(Promoted by Colorado Pols)
Terry Maketa, former El Paso County Sheriff, resigned under pressure in 2014 after local journalists began writing exposes of his sexual harassment misconduct and financial malfeasance. His sheepish, wanna-be sexy shower selfie became a national laughing stock. Maketa’s reputation is shot; he will forever be the corrupt, sleazy, “shirtless sheriff” in the public’s mind. However, two of the charges in the indictment show a darker side: Maketa was an apologist and enabler of domestic violence by one of his employees.
Maketa was indicted by a grand jury on charges of extortion, official misconduct, witness tampering, kidnapping and false imprisonment in May of 2016 and he served one day in prison. The shower selfie was replaced by a mug shot. (Left, 5/26/16, from the Gilpin County Sheriff’s Office). Maketa
Maketa’s trial was postponed until June 6, 2017.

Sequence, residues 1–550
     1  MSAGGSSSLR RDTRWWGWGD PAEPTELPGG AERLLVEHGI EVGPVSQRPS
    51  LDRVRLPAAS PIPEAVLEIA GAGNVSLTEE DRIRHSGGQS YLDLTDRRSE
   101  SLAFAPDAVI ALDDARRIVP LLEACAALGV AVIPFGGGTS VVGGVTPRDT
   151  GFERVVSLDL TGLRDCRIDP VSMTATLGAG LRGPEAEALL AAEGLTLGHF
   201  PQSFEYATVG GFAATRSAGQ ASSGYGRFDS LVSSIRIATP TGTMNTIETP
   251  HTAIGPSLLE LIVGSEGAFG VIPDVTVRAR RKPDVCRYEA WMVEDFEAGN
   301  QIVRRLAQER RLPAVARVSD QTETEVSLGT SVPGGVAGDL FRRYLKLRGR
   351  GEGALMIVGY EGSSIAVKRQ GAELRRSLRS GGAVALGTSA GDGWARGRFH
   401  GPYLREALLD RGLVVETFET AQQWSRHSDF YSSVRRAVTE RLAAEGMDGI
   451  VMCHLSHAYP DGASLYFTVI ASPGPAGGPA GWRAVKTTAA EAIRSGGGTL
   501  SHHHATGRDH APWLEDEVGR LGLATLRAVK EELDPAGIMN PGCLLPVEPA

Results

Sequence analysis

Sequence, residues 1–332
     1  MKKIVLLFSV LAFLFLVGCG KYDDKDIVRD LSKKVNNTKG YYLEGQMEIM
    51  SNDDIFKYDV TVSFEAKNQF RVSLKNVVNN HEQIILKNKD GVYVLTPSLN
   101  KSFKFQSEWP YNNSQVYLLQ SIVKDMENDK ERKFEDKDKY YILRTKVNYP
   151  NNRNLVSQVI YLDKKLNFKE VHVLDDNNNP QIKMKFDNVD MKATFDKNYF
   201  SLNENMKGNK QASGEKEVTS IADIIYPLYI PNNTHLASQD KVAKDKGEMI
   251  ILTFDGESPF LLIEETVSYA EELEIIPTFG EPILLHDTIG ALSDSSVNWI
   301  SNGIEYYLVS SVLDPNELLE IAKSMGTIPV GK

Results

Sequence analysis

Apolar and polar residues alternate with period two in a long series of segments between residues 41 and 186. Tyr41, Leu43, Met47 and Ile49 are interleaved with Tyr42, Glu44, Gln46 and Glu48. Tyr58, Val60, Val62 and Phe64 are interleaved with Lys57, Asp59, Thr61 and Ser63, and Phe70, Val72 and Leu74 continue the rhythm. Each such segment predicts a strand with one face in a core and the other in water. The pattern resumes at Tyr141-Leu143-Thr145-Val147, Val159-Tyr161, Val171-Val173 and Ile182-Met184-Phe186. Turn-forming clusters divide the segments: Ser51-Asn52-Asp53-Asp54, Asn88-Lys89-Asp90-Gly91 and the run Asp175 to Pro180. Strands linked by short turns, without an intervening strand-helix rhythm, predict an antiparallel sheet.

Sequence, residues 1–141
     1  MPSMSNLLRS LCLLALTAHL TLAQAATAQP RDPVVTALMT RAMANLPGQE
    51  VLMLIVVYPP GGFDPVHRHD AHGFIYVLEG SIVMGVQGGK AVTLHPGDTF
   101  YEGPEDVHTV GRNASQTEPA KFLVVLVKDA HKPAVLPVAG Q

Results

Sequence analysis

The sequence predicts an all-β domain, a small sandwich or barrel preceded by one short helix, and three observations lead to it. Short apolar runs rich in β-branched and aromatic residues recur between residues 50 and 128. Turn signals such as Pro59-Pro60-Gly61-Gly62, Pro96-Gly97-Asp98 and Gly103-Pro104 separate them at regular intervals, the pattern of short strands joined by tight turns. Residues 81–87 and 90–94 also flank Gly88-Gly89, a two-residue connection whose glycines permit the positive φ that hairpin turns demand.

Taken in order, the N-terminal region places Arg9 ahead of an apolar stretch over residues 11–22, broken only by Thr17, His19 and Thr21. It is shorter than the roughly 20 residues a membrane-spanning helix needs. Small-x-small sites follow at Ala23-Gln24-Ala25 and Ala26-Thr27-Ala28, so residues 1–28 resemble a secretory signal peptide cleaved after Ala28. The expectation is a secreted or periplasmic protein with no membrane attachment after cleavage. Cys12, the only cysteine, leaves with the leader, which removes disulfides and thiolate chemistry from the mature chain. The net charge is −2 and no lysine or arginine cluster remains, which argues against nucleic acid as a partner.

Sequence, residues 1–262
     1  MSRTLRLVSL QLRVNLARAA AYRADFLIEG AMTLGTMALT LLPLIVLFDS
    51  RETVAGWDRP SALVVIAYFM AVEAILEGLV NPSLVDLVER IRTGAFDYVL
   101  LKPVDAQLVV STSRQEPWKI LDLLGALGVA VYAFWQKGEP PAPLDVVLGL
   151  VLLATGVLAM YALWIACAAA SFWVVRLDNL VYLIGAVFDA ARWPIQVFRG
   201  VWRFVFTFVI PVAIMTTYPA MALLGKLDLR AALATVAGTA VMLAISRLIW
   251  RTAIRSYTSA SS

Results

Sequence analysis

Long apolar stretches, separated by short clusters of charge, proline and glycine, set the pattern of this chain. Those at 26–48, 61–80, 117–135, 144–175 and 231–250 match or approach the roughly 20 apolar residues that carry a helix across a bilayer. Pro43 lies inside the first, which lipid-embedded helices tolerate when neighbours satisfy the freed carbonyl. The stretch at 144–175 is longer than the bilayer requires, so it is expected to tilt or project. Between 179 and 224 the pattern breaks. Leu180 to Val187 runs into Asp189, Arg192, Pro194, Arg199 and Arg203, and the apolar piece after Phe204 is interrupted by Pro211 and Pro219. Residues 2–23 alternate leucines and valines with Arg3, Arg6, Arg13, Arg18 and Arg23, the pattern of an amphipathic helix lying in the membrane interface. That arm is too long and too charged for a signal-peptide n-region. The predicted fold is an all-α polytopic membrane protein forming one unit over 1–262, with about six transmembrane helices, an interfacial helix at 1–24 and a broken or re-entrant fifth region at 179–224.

This week, George Brauchler, Colorado District Attorney, gubernatorial candidate, and special prosecutor in the Maketa case, has recommended that two of the nine outstanding charges against Maketa be dismissed. Why? Not for lack of evidence; the 11 page indictment leaves no doubt as to the facts of the case. Perhaps Maketa’s $10 million lawsuit against any organization that said anything negative about him from 2014-2016 might just be part of the reason Brauchler is pressing to dismiss the charges. Perhaps a deal has been made.
The charges in question are for kidnapping and false imprisonment of a female jail employee, who had complained of being beaten by her police officer boyfriend, a Deputy under Maketa’s supervision. The 11 page indictment relates how the woman was pressured to recant her testimony against her abuser, and was held in jail. Per Kirk Mitchell’s reporting in the Denver Post:
Her boyfriend, a deputy, had been arrested and later fired for beating her. Maketa allegedly told the woman to recant her statement and “tell investigators that she instigated the incident in order to allow (the deputy) to get his job back,” the indictment said. He later ordered her arrest, the indictment says.
The officer who arrested the woman felt that there was insufficient evidence to hold her, but had herself been pressured to make the arrest to protect the accused Deputy. Maketa’s co-defendents, fellow officers Paula Presley and Juan San Agustin, were also indicted for kidnapping, false imprisonment, and tampering with a witness.